Examining the state of U.S. mall security post 9/11.
By Bud Bradley
The deadly four-day attack in September  by terrorists at a mall in Nairobi, Kenya, struck a nerve among global mall patrons. It left many people wondering about mall safety in the United States. Post 9/11, many positive developments driven by the International Council of Shopping Centers (ICSC), the Department of Homeland Security, Federal Bureau of Investigation, police and physical security leaders have dramatically improved communication, training and readiness throughout the mall and shopping center industry.
ICSC was instrumental in pulling together mall ownership, corporate security and security service company representatives to collaborate on securing shopping centers and malls across the U.S. One of the many achievements of this committee was the development of a terrorism training program after the 9/11 terrorist attacks in the United States. Post 9/11, the information sharing among all public and private parties is continual with electronic intelligence updates, regular conference calls and annual meetings which include Department of Homeland Security representation. While in the past, I may have first learned about an act of mall violence on television, today first reports often arrive from government and private intelligence sources as these events occur.
Today’s mall security officer is a highly trained security professional. Regardless of prior experience, all security officers participate in rigorous industry-specific training. Security officers are trained on how to handle physical altercations and confrontations and de-escalation methods. Our security officers also complete comprehensive terrorism awareness and other relevant training. We conduct frequent emergency drills, often with law enforcement agencies and other outside emergency services. This collaborative campaign between academia, industry and public safety training has significantly improved over the last decade. Mall security officers are now well prepared to recognize and address the myriad of challenges they face on the job.
Visit a mall or shopping center today and you may see security officer conducting patrols of common areas and parking lots on Segways. You may find highly skilled and trained security officers piloting the latest technology, with a host of IP-connected digital applications that include handheld multi-faceted communication devices, state-of-the-art closed-circuit television, life and fire safety systems, and remote online access control systems. Today’s security officer is searching for and locating potential threats using technologically advanced surveillance systems that feature high tech full-motion and facial recognition. That technology allows security officers to identify potential threats quickly and discreetly, and alert security teams and law enforcement of the situation without causing panic and general disruption.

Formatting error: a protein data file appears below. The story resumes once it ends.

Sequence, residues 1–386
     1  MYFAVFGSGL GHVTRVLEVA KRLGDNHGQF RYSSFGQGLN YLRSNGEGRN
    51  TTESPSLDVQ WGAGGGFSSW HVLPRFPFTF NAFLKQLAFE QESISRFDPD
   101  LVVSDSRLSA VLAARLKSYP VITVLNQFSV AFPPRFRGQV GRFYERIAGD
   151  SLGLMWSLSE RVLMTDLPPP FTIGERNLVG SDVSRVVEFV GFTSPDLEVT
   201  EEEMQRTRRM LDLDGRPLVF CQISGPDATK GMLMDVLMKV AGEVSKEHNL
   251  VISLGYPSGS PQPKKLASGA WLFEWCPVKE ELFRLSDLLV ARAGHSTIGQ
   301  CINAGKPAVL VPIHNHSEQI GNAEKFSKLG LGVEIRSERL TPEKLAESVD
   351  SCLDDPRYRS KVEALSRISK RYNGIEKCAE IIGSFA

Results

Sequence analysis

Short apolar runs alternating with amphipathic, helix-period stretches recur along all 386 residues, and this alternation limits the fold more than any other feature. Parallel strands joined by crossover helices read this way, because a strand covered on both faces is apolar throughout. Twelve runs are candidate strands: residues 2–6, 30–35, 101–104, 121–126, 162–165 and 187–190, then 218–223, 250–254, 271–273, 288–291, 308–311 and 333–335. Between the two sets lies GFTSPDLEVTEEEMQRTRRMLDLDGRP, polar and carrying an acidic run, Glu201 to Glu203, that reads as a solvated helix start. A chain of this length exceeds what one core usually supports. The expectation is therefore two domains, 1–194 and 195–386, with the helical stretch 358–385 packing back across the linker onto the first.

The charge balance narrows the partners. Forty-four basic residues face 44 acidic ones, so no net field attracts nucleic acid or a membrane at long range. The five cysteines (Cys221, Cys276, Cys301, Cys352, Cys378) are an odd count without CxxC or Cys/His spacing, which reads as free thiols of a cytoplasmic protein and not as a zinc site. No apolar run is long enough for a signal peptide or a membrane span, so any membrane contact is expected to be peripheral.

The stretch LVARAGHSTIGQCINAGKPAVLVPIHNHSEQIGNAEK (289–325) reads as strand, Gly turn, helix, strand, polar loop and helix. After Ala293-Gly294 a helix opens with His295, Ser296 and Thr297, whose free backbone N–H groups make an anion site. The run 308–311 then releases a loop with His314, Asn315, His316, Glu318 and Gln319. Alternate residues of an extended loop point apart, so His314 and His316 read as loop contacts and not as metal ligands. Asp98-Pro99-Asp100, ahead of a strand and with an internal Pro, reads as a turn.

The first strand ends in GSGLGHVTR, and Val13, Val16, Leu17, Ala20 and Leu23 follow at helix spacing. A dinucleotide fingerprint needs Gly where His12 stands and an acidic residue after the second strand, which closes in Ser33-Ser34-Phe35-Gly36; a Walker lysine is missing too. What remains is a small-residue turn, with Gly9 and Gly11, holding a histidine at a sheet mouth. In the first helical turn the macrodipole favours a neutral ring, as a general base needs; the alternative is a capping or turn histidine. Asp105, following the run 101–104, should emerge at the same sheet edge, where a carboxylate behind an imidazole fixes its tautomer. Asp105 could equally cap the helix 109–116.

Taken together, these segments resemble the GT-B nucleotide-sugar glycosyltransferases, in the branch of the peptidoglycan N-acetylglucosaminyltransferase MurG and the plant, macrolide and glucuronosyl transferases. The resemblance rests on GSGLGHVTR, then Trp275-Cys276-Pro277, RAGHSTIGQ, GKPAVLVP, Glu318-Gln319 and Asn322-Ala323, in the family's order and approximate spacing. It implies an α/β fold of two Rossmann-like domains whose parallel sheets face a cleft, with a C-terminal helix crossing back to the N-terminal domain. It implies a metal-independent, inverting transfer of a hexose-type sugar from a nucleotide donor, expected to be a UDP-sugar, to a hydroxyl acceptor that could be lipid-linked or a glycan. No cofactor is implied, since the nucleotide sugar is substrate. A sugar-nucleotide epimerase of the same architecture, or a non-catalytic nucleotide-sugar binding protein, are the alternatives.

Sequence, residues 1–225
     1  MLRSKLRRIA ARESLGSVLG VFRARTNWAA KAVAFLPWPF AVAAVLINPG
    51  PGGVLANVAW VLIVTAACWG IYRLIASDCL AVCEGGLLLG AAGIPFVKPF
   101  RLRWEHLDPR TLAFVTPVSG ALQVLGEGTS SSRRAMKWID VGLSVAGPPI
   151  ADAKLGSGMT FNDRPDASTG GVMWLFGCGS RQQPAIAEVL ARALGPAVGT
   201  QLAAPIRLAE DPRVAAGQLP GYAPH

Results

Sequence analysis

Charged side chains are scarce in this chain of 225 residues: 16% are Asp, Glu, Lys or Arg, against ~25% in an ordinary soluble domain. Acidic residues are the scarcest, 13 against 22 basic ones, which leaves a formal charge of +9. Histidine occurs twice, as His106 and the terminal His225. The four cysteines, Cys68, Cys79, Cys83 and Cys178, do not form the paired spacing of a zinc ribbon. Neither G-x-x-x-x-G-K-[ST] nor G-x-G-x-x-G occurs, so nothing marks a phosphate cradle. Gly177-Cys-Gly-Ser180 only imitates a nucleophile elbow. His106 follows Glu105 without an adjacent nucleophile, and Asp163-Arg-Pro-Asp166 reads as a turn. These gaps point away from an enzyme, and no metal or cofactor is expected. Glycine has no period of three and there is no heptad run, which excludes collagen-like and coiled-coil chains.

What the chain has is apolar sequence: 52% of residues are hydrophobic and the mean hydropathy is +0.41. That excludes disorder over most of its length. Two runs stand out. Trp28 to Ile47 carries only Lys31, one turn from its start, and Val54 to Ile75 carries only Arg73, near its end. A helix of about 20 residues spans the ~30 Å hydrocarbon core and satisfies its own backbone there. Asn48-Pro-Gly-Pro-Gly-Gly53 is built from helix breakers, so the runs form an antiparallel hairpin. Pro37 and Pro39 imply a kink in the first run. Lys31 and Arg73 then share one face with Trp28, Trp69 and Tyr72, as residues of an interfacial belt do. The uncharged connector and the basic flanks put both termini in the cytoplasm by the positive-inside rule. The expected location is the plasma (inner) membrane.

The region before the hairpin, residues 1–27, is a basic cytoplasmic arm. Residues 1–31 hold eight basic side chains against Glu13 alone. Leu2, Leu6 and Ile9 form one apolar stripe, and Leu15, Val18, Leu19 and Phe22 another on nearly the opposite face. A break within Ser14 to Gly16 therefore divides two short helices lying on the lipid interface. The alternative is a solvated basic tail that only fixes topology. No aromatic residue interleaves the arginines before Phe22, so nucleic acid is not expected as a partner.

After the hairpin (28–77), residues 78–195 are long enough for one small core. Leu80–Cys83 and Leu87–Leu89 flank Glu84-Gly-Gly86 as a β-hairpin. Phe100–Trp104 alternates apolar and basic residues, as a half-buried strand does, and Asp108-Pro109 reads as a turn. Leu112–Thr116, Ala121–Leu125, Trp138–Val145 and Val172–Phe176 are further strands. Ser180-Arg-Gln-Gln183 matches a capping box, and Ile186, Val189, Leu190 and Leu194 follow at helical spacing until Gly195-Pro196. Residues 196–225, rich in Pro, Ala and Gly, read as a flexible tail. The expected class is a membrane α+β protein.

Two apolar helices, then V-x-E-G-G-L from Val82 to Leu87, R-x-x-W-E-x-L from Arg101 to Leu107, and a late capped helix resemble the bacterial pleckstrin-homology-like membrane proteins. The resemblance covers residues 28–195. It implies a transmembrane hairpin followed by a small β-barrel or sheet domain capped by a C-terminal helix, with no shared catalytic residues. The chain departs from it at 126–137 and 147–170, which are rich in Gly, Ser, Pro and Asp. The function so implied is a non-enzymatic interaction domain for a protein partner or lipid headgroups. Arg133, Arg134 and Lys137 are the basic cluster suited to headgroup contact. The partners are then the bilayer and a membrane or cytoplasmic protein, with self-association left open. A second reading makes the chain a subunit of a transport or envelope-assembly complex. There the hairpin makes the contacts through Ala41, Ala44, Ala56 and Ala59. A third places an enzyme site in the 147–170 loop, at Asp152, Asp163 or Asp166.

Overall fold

While some audiences loved Mall Cop and Observe and Report, real world contract security companies who serve malls and shopping centers see more fiction than fact in these comic portrayals. These hard-working, highly trained men and women are our country’s first responders and have a wide range of skills — from the sensitivity to deal with lost children to the ability to respond to and effectively address criminal activity, including terrorism. Security officers are often put in high-risk situations as they identify and confront criminals engaged in theft, trespassing, gang activity and every other manner of unlawful behavior that occurs where thousands of consumers congregate on a daily basis.
In the shopping center sector, physical security requirements are continually evolving and include security professionals who can respond to the seemingly incessant bombardment of unexpected challenges. The current state of the economy and the pressures it places in the retail workplace demands that a vigilant security team is in place. Today’s retail security teams engage in ongoing, comprehensive training and manage enhanced security protocols to help ensure that the worst case scenarios are prevented and that a pleasant and safe shopping experience can be had by law-abiding consumers.
There is great value for property owners who invest in securing their premises. Customers, employees and visitors are comforted by seeing security personnel, along with integrated video monitoring, and other security enhancements. Keeping shoppers safe and secure during volatile economic and political times requires a partnership between security providers, property owners and managers, and local law enforcement.
On the surface, the average shopper might see mall security simply as officers on patrol. But what’s beyond the surface is what makes those officers effective — and the mall a safer place. A comprehensive approach to shopping mall security that includes training, technology, an emphasis on safety, communication, collaboration and personnel selected for the property’s specific requirements is what’s needed to help ensure a safe and secure environment.
— Bud Bradley is vice president of national accounts and shopping centers at AlliedBarton Security Services, the industry’s premier provider of security personnel. For more information, visit www.alliedbarton.com.